Here is a great way to put a twist on the traditional Thanksgiving turkey.

Get some achiote from your supermarket.  You may need to go to a Latin supermarket to find it depending on how much variety your local market has.

Achiote comes in different forms.  I have seen it in big spice bags but I normally use the one that comes in little bricks, about half the size of a pack of gum but it doesn't matter which one you use.

To help you guage how much to use, I use about two of those little 'bricks' for one turkey.

Put your achiote in a bowl.  Add a large pinch of dried thyme leaves, a teaspoon of ground cumin and start mashing this together with between the fingers of one hand while pouring a little salad or olive oil with the other hand until you have a paste consistency.  If you want a stronger flavored paste, use less oil.  There is no rule here.
Please note that you don't want a paste so thick that you can't see the turkey through it once you apply the rub because if it is too thick it may burn.  I always make the paste so it is slightly thicker than a vinaigrette. 

Rub this on the turkey then season the bird with salt and pepper.

Cook as you normally would and BINGO, it is killer!!

I will give you some more Thanksgiving tips soon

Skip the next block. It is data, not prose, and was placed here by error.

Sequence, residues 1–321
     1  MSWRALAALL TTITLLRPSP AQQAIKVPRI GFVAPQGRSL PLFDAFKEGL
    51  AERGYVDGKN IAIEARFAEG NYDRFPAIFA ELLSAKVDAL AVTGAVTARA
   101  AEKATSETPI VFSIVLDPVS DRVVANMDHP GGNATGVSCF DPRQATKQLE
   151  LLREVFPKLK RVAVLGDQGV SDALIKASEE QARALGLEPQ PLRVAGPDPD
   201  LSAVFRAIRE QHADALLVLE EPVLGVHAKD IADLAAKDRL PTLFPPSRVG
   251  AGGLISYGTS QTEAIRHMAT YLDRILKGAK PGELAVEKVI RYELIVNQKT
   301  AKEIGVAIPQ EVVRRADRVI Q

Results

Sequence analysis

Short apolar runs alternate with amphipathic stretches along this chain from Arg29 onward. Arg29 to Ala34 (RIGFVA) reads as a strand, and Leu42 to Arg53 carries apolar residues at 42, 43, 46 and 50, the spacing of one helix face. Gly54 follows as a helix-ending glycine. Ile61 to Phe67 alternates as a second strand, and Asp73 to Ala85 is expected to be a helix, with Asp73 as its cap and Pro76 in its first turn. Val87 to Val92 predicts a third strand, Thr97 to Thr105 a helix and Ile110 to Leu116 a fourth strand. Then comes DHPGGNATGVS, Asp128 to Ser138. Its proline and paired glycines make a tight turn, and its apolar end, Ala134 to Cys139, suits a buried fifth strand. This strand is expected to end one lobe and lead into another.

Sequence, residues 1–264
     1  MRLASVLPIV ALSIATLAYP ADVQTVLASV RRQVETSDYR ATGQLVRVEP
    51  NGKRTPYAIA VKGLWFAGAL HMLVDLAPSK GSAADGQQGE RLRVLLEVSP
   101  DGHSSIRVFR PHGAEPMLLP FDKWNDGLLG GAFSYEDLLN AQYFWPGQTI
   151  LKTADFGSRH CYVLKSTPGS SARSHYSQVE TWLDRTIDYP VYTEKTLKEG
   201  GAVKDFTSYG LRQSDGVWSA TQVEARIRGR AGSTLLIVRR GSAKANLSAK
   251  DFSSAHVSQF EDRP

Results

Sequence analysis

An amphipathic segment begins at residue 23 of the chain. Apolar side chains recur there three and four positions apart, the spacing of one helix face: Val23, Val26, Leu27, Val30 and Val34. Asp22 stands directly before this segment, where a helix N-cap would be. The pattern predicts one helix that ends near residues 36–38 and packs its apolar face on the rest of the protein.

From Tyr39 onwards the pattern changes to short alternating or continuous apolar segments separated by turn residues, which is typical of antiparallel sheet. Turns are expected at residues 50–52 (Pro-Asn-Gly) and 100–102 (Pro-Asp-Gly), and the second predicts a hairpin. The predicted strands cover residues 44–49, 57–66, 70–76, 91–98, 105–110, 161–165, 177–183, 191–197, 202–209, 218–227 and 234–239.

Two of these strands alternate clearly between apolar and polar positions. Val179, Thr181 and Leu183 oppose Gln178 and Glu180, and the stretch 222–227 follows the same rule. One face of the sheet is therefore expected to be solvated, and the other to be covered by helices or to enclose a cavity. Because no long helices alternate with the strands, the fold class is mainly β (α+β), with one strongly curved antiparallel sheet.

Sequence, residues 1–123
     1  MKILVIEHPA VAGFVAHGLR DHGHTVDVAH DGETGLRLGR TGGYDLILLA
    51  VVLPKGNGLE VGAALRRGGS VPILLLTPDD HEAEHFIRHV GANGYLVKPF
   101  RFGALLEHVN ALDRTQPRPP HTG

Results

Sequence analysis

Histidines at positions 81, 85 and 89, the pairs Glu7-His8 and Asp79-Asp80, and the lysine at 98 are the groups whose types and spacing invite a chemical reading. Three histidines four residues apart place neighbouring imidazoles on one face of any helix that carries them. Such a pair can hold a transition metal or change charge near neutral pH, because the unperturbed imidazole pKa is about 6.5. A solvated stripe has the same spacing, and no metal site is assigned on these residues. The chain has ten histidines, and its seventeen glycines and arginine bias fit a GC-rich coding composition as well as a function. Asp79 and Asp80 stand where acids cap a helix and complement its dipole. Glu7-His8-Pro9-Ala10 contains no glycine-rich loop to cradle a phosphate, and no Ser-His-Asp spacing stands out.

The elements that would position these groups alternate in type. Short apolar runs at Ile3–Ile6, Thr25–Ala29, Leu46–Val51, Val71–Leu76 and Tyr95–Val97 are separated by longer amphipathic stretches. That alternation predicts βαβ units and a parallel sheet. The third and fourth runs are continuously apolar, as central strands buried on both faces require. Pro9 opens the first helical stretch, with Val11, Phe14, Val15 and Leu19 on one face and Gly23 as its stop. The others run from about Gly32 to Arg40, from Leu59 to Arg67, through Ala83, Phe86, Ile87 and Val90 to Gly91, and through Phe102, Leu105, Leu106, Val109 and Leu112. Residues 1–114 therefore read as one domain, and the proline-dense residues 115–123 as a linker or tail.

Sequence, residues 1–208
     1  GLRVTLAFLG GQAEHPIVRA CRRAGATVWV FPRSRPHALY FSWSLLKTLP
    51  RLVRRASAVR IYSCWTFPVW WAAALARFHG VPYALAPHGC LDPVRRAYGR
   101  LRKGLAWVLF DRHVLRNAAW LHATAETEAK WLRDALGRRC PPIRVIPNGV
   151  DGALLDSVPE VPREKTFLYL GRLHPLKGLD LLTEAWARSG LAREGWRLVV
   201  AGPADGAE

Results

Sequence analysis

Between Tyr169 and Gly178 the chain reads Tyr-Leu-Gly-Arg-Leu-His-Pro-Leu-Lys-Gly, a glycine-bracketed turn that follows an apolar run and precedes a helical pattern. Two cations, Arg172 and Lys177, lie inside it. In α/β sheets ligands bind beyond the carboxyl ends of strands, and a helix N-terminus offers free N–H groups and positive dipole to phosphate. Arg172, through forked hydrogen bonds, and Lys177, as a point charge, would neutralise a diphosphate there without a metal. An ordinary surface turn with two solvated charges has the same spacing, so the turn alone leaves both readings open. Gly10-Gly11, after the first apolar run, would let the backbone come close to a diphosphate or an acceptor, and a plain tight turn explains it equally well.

If you have any requests please email me at: csassakb@gmail.com
I have been told it is difficult to post comments on my blog so my email is better.

Saturday, November 13, 2010

Tip for peeling fresh garlic

Sorry for my absence everyone but have had some computer issues.

Here is a quick and easy tip for peeling fresh garlic.

Take a head of garlic and smash it with your palm against the counter until all the cloves are separated.

Put the garlic in a container and cover it with hot water. 

Let it sit in the water for about 30 minutes and that is it.

Use a paring knife to peel back the skin and you will find not only is it easier but your hands don't get all sticky from it.

Wednesday, November 3, 2010

Kitchen tip-slicing roasted meat or chicken

Here is a quick tip for y'all.